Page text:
Kelsea Ballerini’s output of country pop has been a mixed bag for me. She either hits big or misses big. With her new single “Miss Me More,” it’s definitely a hit. The audience agrees too, as this single has by far outperformed her other singles during the Unapologetically era. It’s an energetic redemption anthem about a woman regaining her independence after breaking free from a controlling and toxic relationship. She runs through the list of things she was forced to change about herself to please him and realizes after ditching him that she would rather be herself than be someone she’s not. It’s an inspirational, timely and catchy track. The production will be a turn off to more traditionally-minded fans and admittedly this song leans more heavily on the pop side. But the lyrics, message and Ballerini’s vocal performance make this an undeniably good track. Not to mention, the music video for this track perfectly compliments the song. “Miss Me More” certainly doesn’t miss and lands what I believe will be a career hit for Ballerini.

Grade: 8/10

Songwriters: Kelsea Ballerini, David Hodges & Brett McLaughlin

Album Review – Randy Houser’s ‘Magnolia’

Returning to your roots. This statement is the embodiment of Randy Houser’s new album Magnolia. Like many artists in Nashville, Houser got sucked in by the corporate, generic sounds of radio country and things were going pretty good when radio was playing his songs. But when you live by the radio hit, you fall by the radio hit too. Houser fell pretty hard on his last album, as it was bloated, forgettable and had zero hits. So after a somewhat lengthy hiatus, Houser re-emerged and promised a return to what made people fans of him in the first place. For the most part, Magnolia lives up to this promise and throws a few wrinkles in too.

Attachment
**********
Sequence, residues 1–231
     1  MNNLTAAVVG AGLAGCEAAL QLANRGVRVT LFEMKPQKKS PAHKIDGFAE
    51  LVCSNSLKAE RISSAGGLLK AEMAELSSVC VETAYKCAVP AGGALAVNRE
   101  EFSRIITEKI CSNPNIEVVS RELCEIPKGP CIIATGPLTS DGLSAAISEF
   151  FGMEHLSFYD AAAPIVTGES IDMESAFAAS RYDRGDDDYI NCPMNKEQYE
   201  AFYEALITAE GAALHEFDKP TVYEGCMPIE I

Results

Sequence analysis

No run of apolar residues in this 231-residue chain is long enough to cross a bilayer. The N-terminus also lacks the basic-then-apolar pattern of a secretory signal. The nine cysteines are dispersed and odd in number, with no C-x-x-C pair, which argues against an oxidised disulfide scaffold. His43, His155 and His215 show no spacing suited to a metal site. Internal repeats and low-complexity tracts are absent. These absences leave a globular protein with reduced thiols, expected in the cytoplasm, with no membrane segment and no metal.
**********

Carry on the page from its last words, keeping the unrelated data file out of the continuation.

“No Stone Unturned” is the perfect opening track for this album, as it’s a summation of Houser’s journey as an artist: going to Nashville with a dream, getting lost along the way and then getting back to why he makes music. It’s a declarative and redemptive song from Houser. He follows with another good song in “Our Hearts,” a meditative love ballad with Lucie Silvas. I particularly enjoy the slowly building tempo that reaches a crescendo with the strings in the bridge.

The lead single “What Whiskey Does” is a song I’ve enjoyed since release, as it’s a bluesy and smoky jam contrasted with some starkly somber lyrics. Speaking of jams, “Whole Lotta Quit” is a damn fun song. It’s catchy and guaranteed to get your feet moving. The song is drenched in harmonica, which is honey to my ears. Country music needs more working class, honky tonk anthems like this song.

Perhaps the best moment for Houser on this album is “No Good Place to Cry.” This song is pure, blue-eyed soul from Houser, as he belts the absolute shit out of it. It’s a raw and powerful vocal performance that reminds us of the great pipes Houser possesses. I wouldn’t complain at all if Houser decided to cut an entire blues album because he has the chops to pull it off. It’s a shame he doesn’t let this side out more often.

The second half of Magnolia isn’t quite as strong as the first half, as it has a lot of issues for me. Your mileage will vary with a song like “New Buzz.” I find it really catchy and fun, but at the same time I can see how it gets old real quick for some listeners. It also reminds me of something the Brothers Osborne would sing (this isn’t necessarily a good thing). “Nothin’ On You” and “Running Man” are okay songs and I probably won’t remember them.